DAYR AL-QUSAYR. From this village and as far as the one called DAYR AL-JABRAWI, the Arabian or eastern mountains between the Nile and Red Sea form a massif called Jabal Abu Fudah, which borders the Nile very closely for some 9 miles (15 km). There are two monasteries there, dedicated to Saint Theodorus and Saint Menas, the first almost at the middle of the massif and the second to the south, but other places also preserve Christian memorials. Near the tomb of Shaykh Mabari is a Christian cemetery; some quarries famous for the first drawing before the carving of a capital of the goddess Hathor, where some Coptic graffiti can be seen; and finally a Christian necropolis around the tomb of Shaykh Abu Mishal. A description of the site and a collection of the inscriptions will be found in G. Legrain (1900, pp. 3-14), J. Clédat (1900, pp. 81-87), and A. Kamal (1913, p. 165).
Dayr al-Qusayr is a large village on the right bank of the Nile, on the latitude of al-Qusiyyah. No church now exists there; only the name and the presence of a cemetery indicate an ancient monastery. Neither ABU SALIH THE ARMENIAN nor al-MAQRIZI speaks of it. M. Jomard (1822-1826, Vol. 4, pp. 302-303) said that this village had two names, Dayr al-Qeisar and Dayr Bosrah. J. VANSLEB (1677, p. 360; 1678, p. 217), in naming the churches and monasteries of Jabal Abu Fudah, starting from the north, pointed out first the church "of St. Theodore, son of John at Bossra." One may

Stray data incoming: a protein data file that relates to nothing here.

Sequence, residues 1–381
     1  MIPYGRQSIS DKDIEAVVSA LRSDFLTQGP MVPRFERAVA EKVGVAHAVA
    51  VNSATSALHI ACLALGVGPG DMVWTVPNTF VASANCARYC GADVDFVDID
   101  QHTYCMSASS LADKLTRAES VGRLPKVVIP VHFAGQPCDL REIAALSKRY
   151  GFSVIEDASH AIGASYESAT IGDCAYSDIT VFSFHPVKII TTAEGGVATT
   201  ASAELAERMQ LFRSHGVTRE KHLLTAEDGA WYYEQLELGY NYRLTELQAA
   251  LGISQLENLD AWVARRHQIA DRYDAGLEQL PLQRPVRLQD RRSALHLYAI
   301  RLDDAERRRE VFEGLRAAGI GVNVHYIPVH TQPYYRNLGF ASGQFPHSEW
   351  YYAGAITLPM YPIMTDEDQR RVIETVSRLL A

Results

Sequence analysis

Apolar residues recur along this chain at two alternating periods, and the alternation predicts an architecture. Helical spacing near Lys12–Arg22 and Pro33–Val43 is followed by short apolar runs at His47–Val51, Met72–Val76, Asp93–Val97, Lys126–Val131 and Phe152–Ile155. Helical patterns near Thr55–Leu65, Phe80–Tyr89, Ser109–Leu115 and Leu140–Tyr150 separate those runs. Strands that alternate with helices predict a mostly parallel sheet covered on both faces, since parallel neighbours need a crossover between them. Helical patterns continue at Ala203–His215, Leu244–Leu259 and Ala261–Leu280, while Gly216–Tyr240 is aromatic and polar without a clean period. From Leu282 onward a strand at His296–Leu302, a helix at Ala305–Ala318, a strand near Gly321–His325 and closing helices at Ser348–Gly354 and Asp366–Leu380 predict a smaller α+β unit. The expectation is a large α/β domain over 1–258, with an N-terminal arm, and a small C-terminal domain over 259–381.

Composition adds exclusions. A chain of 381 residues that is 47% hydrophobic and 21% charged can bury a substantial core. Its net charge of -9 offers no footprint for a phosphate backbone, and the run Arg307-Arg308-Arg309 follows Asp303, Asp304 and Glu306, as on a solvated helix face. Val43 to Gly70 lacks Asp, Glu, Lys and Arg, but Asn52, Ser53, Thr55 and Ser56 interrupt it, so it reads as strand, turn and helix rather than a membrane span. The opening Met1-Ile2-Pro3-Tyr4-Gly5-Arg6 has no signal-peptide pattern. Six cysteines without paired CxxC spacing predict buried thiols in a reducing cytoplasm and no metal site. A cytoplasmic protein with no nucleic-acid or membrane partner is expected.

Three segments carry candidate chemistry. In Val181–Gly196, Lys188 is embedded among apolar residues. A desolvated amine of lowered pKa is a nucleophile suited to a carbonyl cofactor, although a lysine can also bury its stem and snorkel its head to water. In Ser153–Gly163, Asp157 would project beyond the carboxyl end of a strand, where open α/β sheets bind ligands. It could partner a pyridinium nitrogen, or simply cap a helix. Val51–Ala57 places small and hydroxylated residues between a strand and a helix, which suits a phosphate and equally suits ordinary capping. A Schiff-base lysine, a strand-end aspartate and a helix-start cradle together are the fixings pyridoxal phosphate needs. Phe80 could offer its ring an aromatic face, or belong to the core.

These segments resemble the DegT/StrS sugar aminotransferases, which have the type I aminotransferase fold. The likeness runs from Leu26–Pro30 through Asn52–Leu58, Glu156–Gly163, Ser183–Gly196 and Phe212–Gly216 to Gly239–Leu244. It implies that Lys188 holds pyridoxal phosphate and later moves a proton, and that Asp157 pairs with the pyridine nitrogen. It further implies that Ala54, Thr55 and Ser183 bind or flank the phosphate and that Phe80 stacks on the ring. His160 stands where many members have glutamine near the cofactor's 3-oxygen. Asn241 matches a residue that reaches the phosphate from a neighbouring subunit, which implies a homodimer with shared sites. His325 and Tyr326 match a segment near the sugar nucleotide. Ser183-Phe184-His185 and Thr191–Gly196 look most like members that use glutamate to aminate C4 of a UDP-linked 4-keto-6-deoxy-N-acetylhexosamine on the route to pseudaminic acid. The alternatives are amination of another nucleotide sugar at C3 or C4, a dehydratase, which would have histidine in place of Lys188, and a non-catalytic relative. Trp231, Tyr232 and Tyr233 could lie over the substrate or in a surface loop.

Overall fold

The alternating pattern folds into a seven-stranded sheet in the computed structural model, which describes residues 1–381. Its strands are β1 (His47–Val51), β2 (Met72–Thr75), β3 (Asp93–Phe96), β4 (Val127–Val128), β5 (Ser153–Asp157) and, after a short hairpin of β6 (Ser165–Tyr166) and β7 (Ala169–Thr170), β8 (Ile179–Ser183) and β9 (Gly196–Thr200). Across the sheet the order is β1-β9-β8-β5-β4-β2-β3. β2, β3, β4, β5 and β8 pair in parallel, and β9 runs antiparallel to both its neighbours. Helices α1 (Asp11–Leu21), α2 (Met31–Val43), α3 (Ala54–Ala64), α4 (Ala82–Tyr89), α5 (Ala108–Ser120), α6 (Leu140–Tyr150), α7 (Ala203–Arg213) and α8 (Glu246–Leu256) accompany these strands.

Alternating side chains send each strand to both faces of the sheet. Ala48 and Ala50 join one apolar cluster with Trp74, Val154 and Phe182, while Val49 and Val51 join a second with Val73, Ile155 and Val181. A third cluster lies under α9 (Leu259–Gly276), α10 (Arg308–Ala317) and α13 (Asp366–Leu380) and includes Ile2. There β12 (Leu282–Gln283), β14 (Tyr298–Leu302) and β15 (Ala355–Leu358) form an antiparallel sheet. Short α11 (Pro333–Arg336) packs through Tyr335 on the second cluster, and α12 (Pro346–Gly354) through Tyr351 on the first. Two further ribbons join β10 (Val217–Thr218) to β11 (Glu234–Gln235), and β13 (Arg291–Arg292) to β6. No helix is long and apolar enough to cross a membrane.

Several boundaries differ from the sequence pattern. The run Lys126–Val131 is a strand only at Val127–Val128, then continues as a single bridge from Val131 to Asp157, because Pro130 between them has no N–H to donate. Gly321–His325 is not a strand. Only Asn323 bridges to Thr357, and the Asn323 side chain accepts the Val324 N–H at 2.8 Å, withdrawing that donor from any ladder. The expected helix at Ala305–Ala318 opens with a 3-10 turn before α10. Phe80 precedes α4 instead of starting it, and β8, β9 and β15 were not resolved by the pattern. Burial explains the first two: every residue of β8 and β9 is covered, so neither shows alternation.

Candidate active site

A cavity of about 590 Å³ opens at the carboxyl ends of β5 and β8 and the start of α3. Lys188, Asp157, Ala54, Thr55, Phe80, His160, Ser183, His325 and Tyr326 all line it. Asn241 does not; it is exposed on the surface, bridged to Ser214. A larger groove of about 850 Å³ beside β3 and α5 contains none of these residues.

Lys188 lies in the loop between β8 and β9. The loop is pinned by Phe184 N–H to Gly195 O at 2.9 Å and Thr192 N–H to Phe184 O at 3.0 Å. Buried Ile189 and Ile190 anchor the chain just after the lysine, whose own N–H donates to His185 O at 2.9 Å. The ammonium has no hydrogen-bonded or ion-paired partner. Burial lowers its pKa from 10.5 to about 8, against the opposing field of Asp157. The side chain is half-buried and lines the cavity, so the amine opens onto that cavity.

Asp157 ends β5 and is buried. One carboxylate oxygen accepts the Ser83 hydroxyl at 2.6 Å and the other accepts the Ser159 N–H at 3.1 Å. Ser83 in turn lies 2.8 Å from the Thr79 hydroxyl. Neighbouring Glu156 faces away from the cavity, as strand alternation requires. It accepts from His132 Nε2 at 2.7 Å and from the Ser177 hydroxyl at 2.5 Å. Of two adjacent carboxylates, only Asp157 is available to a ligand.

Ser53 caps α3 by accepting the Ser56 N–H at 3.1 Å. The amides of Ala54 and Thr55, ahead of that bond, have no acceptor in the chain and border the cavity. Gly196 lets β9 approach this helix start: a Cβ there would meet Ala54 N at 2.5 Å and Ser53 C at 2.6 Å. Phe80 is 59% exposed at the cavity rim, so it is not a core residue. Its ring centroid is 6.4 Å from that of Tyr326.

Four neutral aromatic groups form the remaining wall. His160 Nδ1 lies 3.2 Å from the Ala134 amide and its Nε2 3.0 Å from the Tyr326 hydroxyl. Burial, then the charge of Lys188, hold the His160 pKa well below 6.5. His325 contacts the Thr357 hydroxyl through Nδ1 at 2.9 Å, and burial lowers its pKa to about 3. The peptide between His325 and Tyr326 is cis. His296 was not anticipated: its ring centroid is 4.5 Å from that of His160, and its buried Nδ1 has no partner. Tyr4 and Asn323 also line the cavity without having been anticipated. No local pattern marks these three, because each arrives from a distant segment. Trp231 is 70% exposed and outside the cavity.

raise two questions: (1) Is Vansleb not thus designating the monastery of Saint Theodorus? (2) Has Jomard not confused Dayr al-Qusayr and Dayr Bosra?
Jomard also notes a wadi with brick ruins and some potsherds and, above it, some quarries and hypogea with Greek inscriptions. The site was seen by F. L. Norden (1795-1798, Vol. 2, p. 49), G. Wilkinson (1843, Vol. 2, p. 78), G. Maspero (1892, p. 189), and G. Legrain (1900, p. 71). Excavations have recently brought to light a Coptic cemetery (Leclant, 1968, p. 109; 1969, p. 260).
About 4 miles (6 km) from Dayr al-Qusayr and a little beyond the village of al-Qusiyyah is the rock church called Mazar al- Sayyidah al-‘Adhra’. It is still the place of the pilgrimage and thus linked to the little town of Umm al-Qusur.
[See also: Abu al-Makarim.]
MAURICE MARTIN, S.J.
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